at org.springframework.http.client.InterceptingClient HttpRequest$RequestExecution.execute(InterceptingC lientHttpRequest.java:91)
    at org.springframework.social.oauth2.OAuth2RequestInt erceptor.intercept(OAuth2RequestInterceptor.java:4 5)
    at org.springframework.http.client.InterceptingClient HttpRequest$RequestExecution.execute(InterceptingC lientHttpRequest.java:81)
    at org.springframework.http.client.InterceptingClient HttpRequest.executeInternal(InterceptingClientHttp Request.java:67)
    at org.springframework.http.client.AbstractBufferingC lientHttpRequest.executeInternal(AbstractBuffering ClientHttpRequest.java:46)
    at org.springframework.http.client.AbstractClientHttp Request.execute(AbstractClientHttpRequest.java:49)
    at org.springframework.web.client.RestTemplate.doExec ute(RestTemplate.java:438)
    ... 13 more

  • #2
    Ultimately, configuring things like this are a matter of configuring the underlying request factory used by the RestTemplate inside of Spring Social. Since each request factory is different (some offer configuration features that others don't), it doesn't make much sense to expose such configuration directly on Spring Social classes just so that they can pass that info down when creating the request factory. (Never mind that it's just poor design to expose request factory-level configuration at the Spring Social level.)

    That said, you're right that it's inconvenient to do such configuration on the request factory. OAuth1Template and OAuth2Template both have a setRequestFactory() method, but unless you're working at Spring Social's low-level OAuth API or you've written your own service provider implementation, there's no way to use these methods with the connection framework. Likewise, AbstractOAuth1ApiBinding and AbstractOAuth2ApiBinding also have setRequestFactory() methods (and therefore, FacebookTemplate, TwitterTemplate, etc) have those methods; but when using the connection framework, you're given the API bindings by their interface which doesn't expose that method.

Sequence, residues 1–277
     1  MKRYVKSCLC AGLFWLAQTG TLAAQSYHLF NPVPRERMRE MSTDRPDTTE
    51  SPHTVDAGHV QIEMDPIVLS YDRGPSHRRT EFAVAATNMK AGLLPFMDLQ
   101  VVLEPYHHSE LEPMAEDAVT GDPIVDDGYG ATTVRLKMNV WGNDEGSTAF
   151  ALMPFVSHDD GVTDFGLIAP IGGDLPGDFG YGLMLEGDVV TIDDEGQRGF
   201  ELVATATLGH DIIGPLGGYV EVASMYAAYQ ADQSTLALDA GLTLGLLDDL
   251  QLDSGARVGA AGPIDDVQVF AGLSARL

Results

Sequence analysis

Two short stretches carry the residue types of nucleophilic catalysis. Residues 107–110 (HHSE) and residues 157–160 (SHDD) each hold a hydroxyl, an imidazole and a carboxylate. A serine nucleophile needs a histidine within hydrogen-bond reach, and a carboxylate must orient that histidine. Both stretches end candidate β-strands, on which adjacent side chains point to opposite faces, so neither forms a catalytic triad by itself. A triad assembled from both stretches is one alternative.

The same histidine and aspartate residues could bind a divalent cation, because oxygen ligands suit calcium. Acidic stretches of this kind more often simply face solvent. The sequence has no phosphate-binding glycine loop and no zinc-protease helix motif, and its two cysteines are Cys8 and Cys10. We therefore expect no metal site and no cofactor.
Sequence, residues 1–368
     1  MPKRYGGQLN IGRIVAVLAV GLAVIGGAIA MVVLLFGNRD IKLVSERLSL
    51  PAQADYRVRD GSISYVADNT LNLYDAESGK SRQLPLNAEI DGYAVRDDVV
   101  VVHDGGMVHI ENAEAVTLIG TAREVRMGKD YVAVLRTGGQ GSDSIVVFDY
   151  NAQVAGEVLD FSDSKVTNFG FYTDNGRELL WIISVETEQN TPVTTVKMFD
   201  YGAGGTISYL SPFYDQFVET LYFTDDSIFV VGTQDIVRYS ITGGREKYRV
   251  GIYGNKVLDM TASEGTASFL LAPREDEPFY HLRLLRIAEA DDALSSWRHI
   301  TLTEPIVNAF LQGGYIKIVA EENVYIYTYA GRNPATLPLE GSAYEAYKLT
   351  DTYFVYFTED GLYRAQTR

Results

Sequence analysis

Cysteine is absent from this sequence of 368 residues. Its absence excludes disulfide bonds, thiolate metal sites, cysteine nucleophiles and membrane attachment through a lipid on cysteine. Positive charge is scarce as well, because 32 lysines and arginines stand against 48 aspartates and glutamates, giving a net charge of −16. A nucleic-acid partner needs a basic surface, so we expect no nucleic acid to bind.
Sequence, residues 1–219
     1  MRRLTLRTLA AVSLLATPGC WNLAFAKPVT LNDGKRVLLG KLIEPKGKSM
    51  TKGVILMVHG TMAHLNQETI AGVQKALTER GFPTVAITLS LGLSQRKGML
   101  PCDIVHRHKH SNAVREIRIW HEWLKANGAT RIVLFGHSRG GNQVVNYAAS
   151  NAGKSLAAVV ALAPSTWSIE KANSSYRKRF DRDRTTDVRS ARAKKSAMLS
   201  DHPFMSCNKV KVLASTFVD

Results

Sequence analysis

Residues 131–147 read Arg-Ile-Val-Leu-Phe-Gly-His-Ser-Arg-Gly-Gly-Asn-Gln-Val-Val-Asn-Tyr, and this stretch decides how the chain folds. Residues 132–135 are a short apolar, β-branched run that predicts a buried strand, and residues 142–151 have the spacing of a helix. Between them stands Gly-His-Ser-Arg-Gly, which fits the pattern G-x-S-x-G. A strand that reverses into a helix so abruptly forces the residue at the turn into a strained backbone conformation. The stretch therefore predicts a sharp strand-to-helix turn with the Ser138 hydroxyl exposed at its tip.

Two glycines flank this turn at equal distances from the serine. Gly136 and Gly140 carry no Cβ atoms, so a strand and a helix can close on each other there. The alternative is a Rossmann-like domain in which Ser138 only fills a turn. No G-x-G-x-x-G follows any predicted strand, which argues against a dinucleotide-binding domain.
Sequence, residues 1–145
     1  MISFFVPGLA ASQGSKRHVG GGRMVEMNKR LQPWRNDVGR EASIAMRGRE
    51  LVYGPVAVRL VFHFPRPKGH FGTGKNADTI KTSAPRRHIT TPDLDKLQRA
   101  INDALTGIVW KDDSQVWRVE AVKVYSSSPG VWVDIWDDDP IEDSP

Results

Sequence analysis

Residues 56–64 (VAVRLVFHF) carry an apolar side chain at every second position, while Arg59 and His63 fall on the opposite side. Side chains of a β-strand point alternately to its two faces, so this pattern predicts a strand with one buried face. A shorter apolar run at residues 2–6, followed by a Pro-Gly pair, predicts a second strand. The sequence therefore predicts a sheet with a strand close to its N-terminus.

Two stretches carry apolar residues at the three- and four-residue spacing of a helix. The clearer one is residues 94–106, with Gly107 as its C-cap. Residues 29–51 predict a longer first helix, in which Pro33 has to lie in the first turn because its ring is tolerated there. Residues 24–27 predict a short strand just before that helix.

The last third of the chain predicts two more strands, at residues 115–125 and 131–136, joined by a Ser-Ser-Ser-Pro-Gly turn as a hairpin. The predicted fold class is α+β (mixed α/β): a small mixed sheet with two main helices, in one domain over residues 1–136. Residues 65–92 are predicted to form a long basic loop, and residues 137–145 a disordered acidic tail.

I've created https://jira.springsource.org/browse/SOCIAL-321 to track this and have scheduled it for 1.1.0.M1. I'm thinking it might be good to introduce a request factory provider strategy. You'd write an implementation of this strategy that produces a ClientHttpRequestFactory that is configured however you want it to be and declare it as a bean in Spring. If the bean exists, then it could be used instead of the current strategy.

    Comment


    • #3
      The hard part is that because so many fields are final, or don't have accessors, I can't even kludge it. I just want the hooks to do it in code, worst case scenario.

      I'm not even sure if it's a spring social bug, or a threading issue in HttpClient / ConnectionManager:
      http://hc.apache.org/httpcomponents-...nnManager.html
      in HttpClient 4.2, ThreadSafeClientConnManager is deprecated. Spring social is set to use 4.1 or 4.0 currently.

      Comment


      • #4
        Well, in the case of Facebook, you *could*...

        1. Create a custom implementation of FacebookServiceProvider to create a FacebookTemplate and then set a request factory of your choosing on it via setRequestFactory()...and set timeouts, proxy settings, etc, etc on that request factory.

        Code:
        public class MyFacebookServiceProvider extends AbstractOAuth2ServiceProvider<Facebook> {
        	public MyFacebookServiceProvider(String clientId, String clientSecret) {
        		super(new FacebookOAuth2Template(clientId, clientSecret));
        	}
        
        	public Facebook getApi(String accessToken) {